What is an Amphibian?
Amphibians are ectothermic (cold-blooded), tetrapod vertebrates (animals with backbones) that routinely begin living in water as larva with gills then go through a metamorphosis thus becoming an air-breathing adult with lungs. Amphibians use their skin (a vital organ) as a secondary respiratory surface to drink and breathe. In some cases, a few small terrestrial frogs and salamanders lack lungs and rely completely upon their skin for breathing.
Amphibians are classified into three groups or orders know as:
Anura: Frogs and Toads
Caudata or Urodela: (Salamanders and Newts)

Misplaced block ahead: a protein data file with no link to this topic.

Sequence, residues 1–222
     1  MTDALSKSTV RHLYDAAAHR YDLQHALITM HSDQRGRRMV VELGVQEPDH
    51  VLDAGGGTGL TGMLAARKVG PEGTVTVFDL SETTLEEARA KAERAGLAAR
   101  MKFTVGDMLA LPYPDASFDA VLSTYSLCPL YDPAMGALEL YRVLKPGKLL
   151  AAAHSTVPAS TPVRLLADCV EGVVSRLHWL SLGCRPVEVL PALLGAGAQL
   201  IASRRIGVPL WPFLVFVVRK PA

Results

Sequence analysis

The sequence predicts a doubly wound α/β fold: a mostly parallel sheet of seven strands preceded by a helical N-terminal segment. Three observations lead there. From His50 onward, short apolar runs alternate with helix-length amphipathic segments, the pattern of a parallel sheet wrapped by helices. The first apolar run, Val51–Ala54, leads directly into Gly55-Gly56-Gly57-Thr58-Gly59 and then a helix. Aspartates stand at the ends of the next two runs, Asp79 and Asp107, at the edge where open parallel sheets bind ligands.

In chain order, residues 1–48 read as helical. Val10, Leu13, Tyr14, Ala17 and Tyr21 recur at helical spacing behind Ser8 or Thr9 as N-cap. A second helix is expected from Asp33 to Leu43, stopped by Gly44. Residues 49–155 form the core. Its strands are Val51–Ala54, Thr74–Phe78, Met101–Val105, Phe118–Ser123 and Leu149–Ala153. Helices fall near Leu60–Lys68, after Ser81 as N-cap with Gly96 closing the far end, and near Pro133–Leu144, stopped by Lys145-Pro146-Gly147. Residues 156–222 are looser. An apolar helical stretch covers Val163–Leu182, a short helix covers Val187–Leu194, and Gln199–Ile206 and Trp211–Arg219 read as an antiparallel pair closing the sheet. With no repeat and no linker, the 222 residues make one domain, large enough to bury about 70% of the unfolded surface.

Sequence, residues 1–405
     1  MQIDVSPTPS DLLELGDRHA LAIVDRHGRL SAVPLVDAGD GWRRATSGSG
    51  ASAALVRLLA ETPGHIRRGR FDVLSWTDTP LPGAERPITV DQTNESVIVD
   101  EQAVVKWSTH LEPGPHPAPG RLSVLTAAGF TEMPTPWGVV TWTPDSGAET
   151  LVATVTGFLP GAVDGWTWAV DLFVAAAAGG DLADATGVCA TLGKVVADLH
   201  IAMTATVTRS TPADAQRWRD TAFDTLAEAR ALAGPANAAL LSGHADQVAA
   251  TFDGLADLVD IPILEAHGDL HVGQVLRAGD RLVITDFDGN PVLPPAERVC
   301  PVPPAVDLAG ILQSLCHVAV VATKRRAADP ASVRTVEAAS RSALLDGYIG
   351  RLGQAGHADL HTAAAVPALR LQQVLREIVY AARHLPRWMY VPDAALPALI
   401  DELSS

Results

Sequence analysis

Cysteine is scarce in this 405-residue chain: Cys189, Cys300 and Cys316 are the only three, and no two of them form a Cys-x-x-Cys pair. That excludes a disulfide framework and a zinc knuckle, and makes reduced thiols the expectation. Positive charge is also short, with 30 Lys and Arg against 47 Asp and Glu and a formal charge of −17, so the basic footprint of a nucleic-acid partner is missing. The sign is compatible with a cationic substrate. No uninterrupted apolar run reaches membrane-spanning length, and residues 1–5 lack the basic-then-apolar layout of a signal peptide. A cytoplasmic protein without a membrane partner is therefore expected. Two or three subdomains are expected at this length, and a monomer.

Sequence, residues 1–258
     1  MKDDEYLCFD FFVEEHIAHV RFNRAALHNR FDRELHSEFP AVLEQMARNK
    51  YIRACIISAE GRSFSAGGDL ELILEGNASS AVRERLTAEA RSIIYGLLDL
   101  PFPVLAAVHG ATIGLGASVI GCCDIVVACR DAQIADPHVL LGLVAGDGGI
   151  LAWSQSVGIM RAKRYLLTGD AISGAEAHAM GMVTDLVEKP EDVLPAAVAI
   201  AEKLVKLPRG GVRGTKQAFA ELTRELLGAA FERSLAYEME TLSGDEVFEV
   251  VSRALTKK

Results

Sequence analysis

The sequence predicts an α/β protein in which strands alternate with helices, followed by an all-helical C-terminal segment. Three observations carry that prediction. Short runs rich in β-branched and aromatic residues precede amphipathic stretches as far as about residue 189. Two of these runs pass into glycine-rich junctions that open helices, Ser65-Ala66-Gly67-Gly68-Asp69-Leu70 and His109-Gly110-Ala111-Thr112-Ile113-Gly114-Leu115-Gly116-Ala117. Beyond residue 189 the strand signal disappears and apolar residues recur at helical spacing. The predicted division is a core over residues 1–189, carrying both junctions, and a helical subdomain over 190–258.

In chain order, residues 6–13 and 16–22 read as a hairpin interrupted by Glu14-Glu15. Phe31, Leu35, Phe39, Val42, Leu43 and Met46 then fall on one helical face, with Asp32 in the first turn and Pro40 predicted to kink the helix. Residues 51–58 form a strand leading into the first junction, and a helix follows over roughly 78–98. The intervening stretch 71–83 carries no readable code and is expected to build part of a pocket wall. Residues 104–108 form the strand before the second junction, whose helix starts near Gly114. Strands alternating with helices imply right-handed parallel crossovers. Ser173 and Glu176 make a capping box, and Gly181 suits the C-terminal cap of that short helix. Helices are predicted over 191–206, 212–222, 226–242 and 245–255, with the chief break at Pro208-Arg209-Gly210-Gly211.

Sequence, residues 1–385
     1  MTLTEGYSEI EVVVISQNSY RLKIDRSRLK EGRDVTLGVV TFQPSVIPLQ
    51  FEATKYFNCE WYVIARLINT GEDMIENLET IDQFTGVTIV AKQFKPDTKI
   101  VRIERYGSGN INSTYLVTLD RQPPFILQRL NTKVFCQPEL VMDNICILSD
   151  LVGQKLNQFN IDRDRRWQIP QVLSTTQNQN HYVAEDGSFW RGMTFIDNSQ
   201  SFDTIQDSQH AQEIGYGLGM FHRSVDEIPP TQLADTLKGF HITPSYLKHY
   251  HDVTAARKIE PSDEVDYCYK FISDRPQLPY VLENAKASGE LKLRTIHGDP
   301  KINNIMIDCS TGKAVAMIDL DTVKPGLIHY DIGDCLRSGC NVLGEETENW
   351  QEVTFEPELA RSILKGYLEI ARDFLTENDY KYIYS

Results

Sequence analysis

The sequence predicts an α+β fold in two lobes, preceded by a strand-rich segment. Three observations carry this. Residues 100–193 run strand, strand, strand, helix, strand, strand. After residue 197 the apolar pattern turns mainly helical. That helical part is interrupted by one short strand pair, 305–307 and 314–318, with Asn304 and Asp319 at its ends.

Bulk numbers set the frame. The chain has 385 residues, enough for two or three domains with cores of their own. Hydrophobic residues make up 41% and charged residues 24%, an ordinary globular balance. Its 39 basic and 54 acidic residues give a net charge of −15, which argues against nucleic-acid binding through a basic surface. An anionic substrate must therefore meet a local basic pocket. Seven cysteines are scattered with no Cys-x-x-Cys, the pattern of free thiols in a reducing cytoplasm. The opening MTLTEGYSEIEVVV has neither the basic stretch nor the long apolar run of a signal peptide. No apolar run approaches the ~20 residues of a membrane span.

Gymnophiona or Apoda: (Caecilians)
Where do amphibians live?
Amphibians inhabit all continents except Antarctica and live in varied habitats such as rainforests, rivers and streams, deserts and alpine environments.
Why are amphibians so important and why are they under threat?
Amphibians are extremely important because they are usually among the first species to be affected by environmental stressors, thus making them excellent ecological indicators.
Destruction of habitat and modification, over-exploitation, invasive species, pollution, climate change/global warming and diseases like chytridiomycosis are threatening this species and causing unprecedented and unexpected losses.
How many different species of amphibians exist?
There are about 6,000 amphibian species that exists around the world.
Who is protecting amphibians and preserving their habitats?
How can I help protect amphibians and help restore them in the wild?